The industry termed it as a ‘welcome move’ as the distribution segment has been the weakest link in the electrical system and no measure was working on it till now. But what gives the government confidence that this will be a success? Wouldn’t privatisation of Discoms be a better option?

This is certainly an improvement over the existing UDAY scheme, which is primarily focussed on financial restructuring of Discoms by offering a debt waiver early but with no incentive for Discoms to deliver on the reform milestones. However, the recent announcement in the Union Budget, as well as the Atamnirbhar Bharat package in FY21, are at least in principle talking about operational improvement conditionalities in the same breath as liquidity injection, said an industry player.

Support measures

Besides the financial assistance to clear Discoms’ dues, to make them truly viable and to see significant operational and structural improvements, the schemes should be supported by legislative or administrative action to address several key issues that are vital to their revival — such as pushing tariff reforms, Direct Benefit Transfer of power subsidy, smart metering, encouraging open access and providing choice to consumers by promoting competition in the distribution sector.

In fact, in his address, the Prime Minister also touched upon the efforts being taken to improve ‘ease of doing business’ in the sector. He asserted that with reforms in the regulatory and process framework, the outlook towards the power sector has improved significantly.

“The government treats power as a separate sector, not as part of the industry sector. This innate importance of power is the reason for the government’s intense focus on making power available to everyone. The government is also working to remove problems in the distribution sector. For this, a policy and regulatory framework for Discoms is in the offing. Consumer should be able to choose his supplier as per performance like any other retail commodity,” he said, adding “work is on to free the distribution sector of entry barriers and licensing for distribution and supply. Efforts are under way for prepaid smart meter, feeder separation and system upgradation.”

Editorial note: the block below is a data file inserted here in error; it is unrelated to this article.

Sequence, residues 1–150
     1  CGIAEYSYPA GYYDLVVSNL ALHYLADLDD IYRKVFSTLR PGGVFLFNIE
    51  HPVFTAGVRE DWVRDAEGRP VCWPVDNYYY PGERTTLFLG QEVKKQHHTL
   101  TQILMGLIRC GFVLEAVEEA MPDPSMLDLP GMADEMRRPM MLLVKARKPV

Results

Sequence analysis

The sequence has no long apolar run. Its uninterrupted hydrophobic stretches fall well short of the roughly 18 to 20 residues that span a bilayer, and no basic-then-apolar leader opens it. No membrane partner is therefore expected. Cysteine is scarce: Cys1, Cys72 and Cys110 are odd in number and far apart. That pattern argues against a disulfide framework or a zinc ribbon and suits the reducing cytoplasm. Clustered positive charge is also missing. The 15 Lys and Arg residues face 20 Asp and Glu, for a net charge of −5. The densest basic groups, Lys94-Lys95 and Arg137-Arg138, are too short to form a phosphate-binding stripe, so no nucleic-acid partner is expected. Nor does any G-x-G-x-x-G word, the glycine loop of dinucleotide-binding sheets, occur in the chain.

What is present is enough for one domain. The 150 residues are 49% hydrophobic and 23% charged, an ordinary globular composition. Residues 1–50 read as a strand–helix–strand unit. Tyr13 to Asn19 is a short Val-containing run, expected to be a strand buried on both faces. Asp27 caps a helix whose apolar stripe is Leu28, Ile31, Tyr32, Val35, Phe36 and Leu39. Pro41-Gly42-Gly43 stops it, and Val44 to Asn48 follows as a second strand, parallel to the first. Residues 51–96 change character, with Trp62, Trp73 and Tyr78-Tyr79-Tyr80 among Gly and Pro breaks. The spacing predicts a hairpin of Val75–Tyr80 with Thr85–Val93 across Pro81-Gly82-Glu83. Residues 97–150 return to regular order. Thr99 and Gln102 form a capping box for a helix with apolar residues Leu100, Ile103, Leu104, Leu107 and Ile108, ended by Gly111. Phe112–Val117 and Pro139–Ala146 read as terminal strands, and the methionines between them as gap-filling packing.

However, as the saying goes, devil lies in the detail.

Everyone is waiting for details of this package, and how it supplements other Central and State schemes; discussions are under way in the Ministry at the highest level on this.

But, be it UDAY or the attempts prior to that, little has materialised by way of reforms over the past two decades on the Discom front. However, this time, besides the distribution segment, the government proposes to de-licence the supply side, providing consumers the option to choose their supplier. Competition in supply would improve the sector without disrupting the incumbent Discoms. According to Ashok Kumar Khurana, Director General, Association of Power Producers (APP), this could prove to be a game changer in the sector.

If the government is determined to push reform, some kind of liability has to be fixed, which it is now trying. It is easier said than done one would say, as many times politics overtakes economics. But, then, where there is a will there is way.